Game ranchers unite to influence policy

About 380 game ranchers and wildlife industry stakeholders will attend Wildlife Ranching South Africa’s (WRSA) first annual congress at Castle de Wildt near Modimolle in Limpopo from 10 to 12 April 2013. 

This is the first year that WRSA will be presenting a full-scale congress.

“With this congress, WRSA intends to show that our industry is well-positioned to positively influence international policy development on wildlife biodiversity and environmental management,” says Dr Gert Dry, WRSA President.

Dry said that the wildlife ranching industry was a major contributor to the national drive towards a green economy. “It provides more employment than other agricultural activities and therefore contributes to social development in rural areas. Furthermore, scientific breeding programmes and registration of breeding stock ensure the protection of biodiversity of species.”

Game breeders will also tackle industry challenges at the congress where invited experts will be sharing their knowledge with game farmers. These challenges range from regulatory bottlenecks regarding the issuing of permits for translocation, emergency immobilisation, parasite infection, land reform and the poaching of rhino and other species.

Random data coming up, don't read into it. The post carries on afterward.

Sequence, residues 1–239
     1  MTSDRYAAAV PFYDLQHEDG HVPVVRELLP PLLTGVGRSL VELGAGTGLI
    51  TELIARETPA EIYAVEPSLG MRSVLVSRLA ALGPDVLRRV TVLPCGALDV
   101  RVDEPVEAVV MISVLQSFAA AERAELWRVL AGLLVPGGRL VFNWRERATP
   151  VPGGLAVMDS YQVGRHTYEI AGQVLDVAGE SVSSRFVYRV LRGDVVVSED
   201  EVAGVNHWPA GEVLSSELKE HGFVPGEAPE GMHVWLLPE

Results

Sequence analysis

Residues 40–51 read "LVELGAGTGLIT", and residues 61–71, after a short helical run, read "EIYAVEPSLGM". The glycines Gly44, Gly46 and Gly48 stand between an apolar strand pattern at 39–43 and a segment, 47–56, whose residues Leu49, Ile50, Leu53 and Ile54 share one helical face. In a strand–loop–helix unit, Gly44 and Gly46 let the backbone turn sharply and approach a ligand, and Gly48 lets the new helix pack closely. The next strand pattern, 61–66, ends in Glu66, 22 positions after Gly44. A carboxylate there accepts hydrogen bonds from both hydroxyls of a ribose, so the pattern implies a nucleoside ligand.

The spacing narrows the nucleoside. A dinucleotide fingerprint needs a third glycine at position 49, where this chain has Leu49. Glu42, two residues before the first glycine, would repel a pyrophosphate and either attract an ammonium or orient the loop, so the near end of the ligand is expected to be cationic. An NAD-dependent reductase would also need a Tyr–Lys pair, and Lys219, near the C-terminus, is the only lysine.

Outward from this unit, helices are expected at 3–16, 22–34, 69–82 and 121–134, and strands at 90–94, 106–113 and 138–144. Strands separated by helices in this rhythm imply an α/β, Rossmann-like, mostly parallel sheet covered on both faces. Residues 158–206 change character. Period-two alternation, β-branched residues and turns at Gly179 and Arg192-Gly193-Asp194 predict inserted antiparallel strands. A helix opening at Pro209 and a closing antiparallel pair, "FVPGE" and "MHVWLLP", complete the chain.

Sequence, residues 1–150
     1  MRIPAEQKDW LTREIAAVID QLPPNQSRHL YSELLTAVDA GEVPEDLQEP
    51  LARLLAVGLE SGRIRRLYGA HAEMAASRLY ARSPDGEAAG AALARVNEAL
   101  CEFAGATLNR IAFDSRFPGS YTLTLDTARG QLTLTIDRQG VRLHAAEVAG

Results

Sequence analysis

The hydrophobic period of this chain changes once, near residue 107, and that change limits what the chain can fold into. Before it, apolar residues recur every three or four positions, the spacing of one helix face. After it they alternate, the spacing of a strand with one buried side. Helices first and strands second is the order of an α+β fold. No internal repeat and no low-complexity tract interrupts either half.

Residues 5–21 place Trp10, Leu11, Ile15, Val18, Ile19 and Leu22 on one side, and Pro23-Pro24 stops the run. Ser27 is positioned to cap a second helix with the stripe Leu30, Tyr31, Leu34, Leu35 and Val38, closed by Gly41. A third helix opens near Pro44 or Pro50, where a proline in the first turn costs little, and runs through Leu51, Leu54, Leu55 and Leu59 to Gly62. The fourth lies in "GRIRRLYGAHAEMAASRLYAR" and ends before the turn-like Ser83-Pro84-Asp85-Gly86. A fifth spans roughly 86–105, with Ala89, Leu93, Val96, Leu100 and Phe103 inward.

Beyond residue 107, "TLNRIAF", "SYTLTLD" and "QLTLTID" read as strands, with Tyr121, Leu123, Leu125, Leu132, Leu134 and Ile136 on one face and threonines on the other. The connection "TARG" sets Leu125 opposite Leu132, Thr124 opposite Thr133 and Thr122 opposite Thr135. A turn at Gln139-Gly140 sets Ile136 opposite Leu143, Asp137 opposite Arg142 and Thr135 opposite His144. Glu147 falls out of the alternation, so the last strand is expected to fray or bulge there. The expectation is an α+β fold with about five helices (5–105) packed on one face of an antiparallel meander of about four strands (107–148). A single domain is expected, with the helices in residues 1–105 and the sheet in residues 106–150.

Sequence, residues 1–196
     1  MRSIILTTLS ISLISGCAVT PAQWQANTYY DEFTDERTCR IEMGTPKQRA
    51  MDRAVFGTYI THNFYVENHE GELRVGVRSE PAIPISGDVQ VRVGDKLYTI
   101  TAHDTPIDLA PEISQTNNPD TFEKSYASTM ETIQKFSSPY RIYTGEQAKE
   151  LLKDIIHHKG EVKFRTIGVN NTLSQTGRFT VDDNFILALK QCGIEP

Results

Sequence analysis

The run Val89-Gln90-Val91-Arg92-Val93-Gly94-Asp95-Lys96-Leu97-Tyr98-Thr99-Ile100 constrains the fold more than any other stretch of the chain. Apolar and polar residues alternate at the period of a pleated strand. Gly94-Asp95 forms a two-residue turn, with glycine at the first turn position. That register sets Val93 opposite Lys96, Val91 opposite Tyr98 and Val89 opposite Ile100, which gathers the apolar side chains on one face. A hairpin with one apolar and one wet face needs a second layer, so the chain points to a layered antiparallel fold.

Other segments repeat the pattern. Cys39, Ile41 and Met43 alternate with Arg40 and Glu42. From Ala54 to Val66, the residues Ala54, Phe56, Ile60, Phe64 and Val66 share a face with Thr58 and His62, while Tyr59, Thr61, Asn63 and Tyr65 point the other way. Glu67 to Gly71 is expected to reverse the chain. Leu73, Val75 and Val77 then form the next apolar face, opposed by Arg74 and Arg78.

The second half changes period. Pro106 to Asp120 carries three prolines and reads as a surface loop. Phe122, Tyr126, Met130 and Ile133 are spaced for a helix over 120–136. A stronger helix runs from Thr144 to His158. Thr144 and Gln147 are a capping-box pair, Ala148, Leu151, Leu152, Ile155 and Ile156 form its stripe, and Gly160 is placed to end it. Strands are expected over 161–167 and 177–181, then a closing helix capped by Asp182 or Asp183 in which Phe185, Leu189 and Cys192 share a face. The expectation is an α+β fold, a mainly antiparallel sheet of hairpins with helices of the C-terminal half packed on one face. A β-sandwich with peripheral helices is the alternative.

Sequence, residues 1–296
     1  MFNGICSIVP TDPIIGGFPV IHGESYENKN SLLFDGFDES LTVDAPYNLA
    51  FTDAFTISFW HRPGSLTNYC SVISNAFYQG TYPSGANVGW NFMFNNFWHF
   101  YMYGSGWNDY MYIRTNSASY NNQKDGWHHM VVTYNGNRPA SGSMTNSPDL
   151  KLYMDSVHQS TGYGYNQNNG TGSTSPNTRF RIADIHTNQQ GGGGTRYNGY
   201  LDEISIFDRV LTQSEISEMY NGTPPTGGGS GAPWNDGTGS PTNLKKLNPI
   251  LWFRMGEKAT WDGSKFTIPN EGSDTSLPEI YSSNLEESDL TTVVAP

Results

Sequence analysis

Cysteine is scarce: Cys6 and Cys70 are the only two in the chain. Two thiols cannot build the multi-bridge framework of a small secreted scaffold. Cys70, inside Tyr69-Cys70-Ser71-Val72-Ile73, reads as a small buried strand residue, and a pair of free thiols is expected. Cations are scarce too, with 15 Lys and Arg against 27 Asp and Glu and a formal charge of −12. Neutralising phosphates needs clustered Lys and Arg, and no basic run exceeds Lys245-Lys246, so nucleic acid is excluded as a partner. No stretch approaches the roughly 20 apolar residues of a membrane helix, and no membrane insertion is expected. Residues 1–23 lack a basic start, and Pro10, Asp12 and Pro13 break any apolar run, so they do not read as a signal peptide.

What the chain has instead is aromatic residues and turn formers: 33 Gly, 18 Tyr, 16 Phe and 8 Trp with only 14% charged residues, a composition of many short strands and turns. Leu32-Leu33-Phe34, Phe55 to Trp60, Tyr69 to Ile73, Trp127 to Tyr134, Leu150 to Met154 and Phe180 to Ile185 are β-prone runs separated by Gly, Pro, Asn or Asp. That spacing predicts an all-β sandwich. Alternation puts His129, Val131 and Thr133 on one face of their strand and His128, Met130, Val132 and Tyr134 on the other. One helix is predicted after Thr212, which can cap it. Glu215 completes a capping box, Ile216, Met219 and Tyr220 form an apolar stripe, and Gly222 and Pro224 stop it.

Experts include Dr Theo de Jager, deputy president of Agri SA; Ron Thomson, internationally renowned conservationist and John Hume, private rhino owner.

Dr Maretha van der Merwe and Prof. Louw Hoffman, both game meat experts, will lead a panel discussion on the implementation of a game meat scheme, which was expected to benefit consumers who will have access to a healthy alternative with regards to red meat protein.

In 2012, the wildlife industry ranked fifth largest in the agricultural sector, contributing nearly R10 billion to the country’s GDP. Of the estimated 21 million head of game in South Africa, 16 million are privately owned. The other five million are in state-owned parks and reserves. The average private game ranch provides habitat to 45 mammal species. Generally, game farms are situated on marginal agricultural land that is not suitable for other agricultural activities.